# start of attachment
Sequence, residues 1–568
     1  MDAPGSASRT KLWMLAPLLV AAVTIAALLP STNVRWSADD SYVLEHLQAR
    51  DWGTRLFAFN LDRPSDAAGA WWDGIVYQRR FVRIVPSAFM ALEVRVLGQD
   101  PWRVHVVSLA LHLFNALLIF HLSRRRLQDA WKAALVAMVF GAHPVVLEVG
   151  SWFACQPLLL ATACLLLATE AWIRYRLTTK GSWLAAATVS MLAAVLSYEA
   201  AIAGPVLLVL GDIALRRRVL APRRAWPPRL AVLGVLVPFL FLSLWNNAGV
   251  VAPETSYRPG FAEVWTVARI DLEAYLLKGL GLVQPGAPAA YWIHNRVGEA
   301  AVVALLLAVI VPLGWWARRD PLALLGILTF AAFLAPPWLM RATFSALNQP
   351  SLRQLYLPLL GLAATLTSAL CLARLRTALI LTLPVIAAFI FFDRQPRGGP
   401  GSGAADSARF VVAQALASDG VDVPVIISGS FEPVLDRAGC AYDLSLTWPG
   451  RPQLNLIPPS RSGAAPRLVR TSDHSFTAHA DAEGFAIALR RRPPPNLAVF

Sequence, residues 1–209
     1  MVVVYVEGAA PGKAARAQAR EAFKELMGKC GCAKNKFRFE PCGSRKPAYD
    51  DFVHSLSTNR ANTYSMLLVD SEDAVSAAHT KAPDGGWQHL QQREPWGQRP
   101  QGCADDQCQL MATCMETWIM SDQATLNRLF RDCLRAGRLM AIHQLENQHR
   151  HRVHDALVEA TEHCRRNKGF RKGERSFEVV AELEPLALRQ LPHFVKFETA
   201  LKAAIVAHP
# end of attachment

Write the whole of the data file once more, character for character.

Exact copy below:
Sequence, residues 1–568
     1  MDAPGSASRT KLWMLAPLLV AAVTIAALLP STNVRWSADD SYVLEHLQAR
    51  DWGTRLFAFN LDRPSDAAGA WWDGIVYQRR FVRIVPSAFM ALEVRVLGQD
   101  PWRVHVVSLA LHLFNALLIF HLSRRRLQDA WKAALVAMVF GAHPVVLEVG
   151  SWFACQPLLL ATACLLLATE AWIRYRLTTK GSWLAAATVS MLAAVLSYEA
   201  AIAGPVLLVL GDIALRRRVL APRRAWPPRL AVLGVLVPFL FLSLWNNAGV
   251  VAPETSYRPG FAEVWTVARI DLEAYLLKGL GLVQPGAPAA YWIHNRVGEA
   301  AVVALLLAVI VPLGWWARRD PLALLGILTF AAFLAPPWLM RATFSALNQP
   351  SLRQLYLPLL GLAATLTSAL CLARLRTALI LTLPVIAAFI FFDRQPRGGP
   401  GSGAADSARF VVAQALASDG VDVPVIISGS FEPVLDRAGC AYDLSLTWPG
   451  RPQLNLIPPS RSGAAPRLVR TSDHSFTAHA DAEGFAIALR RRPPPNLAVF

Sequence, residues 1–209
     1  MVVVYVEGAA PGKAARAQAR EAFKELMGKC GCAKNKFRFE PCGSRKPAYD
    51  DFVHSLSTNR ANTYSMLLVD SEDAVSAAHT KAPDGGWQHL QQREPWGQRP
   101  QGCADDQCQL MATCMETWIM SDQATLNRLF RDCLRAGRLM AIHQLENQHR
   151  HRVHDALVEA TEHCRRNKGF RKGERSFEVV AELEPLALRQ LPHFVKFETA
   201  LKAAIVAHP